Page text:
The final song of the encore, an emotional rendition of The Czars’ Little Pink House dedicated to his now dead grandmother (whose house is referenced in the song) was probably my favourite single live song moment of the year.    You could not hear a pin drop.  There was barely a dry eye in the house.   I cannot wait for his second solo album due next year.

3. Gillian Welch, Hammersmith Apollo

Her first British gig for 9 years in support of her first album for 8 years, the utterly wonderful The Harrow and The Harvest was a startling brilliant performance.  Just Gillian Welch and her long term musical collaborator Dave Rawlings accompanied by acoustic guitars or banjo playing two sets without a support.   The beautiful close harmonies on the  evocative originals were matched by a brilliant choice of covers including, This Land Is Your Land, White Rabbit and Jackson.    Never has old time music sounded so contemporary.

Apparently David and Samantha Cameron were also at the gig – luckily I didn’t find that out until later, so a sublime musical experience remained untarnished.

4. Belle and Sebastian, The Roundhouse

The keepers of the true C86 indie flame returned to London for the first time in half a decade to play a brilliant gig in May.   It was the usual cast of what seemed like thousands on stage as Stuart Murdoch led the band through a set which overbrimmed with pop genius and spanned their entire career.   I hadn’t seen Belle and Sebastian since about 2003 and had forgotten just how great they can be live.    My only regret – failing to get to the gig in time to see The Woodentops in support.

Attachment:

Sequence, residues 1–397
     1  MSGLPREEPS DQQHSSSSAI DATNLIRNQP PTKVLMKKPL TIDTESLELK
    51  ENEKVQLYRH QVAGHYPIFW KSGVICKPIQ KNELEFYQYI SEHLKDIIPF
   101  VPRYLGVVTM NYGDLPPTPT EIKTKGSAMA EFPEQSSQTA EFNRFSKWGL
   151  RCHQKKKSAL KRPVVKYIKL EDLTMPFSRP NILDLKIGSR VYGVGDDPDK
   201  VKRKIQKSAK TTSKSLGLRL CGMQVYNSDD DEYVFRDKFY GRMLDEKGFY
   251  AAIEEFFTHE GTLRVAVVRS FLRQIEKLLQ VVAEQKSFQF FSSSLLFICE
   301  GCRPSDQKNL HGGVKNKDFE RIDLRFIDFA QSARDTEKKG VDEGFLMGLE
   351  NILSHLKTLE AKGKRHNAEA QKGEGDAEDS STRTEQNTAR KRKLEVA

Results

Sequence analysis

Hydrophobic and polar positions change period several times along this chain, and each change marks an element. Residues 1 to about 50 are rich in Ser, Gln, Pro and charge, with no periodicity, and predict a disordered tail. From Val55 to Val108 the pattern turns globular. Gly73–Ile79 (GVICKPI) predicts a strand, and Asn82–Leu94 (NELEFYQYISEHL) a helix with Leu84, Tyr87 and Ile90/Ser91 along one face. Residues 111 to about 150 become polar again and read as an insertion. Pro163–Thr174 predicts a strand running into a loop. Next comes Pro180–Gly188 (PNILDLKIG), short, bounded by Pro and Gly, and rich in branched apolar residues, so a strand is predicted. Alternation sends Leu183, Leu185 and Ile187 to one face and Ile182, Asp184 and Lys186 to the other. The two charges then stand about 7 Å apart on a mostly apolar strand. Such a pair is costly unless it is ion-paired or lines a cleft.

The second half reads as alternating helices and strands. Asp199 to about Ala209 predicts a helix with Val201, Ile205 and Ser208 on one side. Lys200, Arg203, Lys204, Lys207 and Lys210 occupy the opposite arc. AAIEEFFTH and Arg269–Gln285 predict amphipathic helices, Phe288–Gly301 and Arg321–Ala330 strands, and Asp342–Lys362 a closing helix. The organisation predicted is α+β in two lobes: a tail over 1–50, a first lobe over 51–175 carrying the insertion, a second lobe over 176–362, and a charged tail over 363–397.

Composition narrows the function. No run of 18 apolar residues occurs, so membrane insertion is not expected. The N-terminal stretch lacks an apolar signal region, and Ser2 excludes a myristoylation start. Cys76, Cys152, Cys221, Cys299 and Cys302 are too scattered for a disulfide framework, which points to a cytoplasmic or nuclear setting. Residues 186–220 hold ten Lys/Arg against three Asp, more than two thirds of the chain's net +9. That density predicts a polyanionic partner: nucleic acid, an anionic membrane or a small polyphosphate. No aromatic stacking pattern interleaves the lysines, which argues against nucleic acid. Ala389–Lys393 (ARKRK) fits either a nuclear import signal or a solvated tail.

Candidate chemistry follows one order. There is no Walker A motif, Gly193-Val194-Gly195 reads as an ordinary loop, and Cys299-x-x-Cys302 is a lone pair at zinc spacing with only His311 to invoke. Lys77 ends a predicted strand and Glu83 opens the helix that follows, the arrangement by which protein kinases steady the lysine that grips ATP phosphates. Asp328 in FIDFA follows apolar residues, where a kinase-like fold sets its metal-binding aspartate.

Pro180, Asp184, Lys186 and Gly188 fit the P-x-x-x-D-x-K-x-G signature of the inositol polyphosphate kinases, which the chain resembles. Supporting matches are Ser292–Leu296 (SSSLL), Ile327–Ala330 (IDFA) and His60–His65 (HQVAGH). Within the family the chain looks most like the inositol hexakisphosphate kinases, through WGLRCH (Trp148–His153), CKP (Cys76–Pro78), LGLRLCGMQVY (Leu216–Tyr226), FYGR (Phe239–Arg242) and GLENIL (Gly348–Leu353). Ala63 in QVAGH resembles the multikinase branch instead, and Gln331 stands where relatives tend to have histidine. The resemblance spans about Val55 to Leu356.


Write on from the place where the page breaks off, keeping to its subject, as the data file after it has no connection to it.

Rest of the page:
5.Chuck Prophet and The Spanish Bombs, The Garage

My second Clash related entry.  Chuck Prophet (formerly of Green on Red) and his band played the entirety of The Clash’s London Calling in probably the most fun gig of the year.  It had the potential to be terrible or at least a bit karaoke as one of the greatest albums of all time was played in order by another band (and an American one at that).  In fact Chuck pulled it off brilliantly, reminding everyone there (if they needed reminding) what a truly stunning album it is.    The reading by Johnny Green (former Clash Stage Manager) from his memoirs of life with The Clash, before the band came on   was funny, irreverent and a perfect set up for a thoroughly entertaining set.

6. Richmond Fontaine/Laura Gibson – The Scala

Portland’s Richmond Fontaine are a band who have been ploughing the same furrow for a decade and a half without any appreciable success, beyond the critics at least.  In Willy Vlautin they have one of the great narrative song writers currently operating.  His songs are richly evocative of blue collar American life – of loners, drifters and chancers.   In September they played a fantastic gig at The Scala both in support of their latest album, The High Country and with a full play through of the greatest album, Post To Wire).

In support was a superb folky singer songwriter called Laura Gibson – I’d never heard of her before but came away having made a new discovery and will be watching out for her in the future.

7. Steve Earle, Royal Festival Hall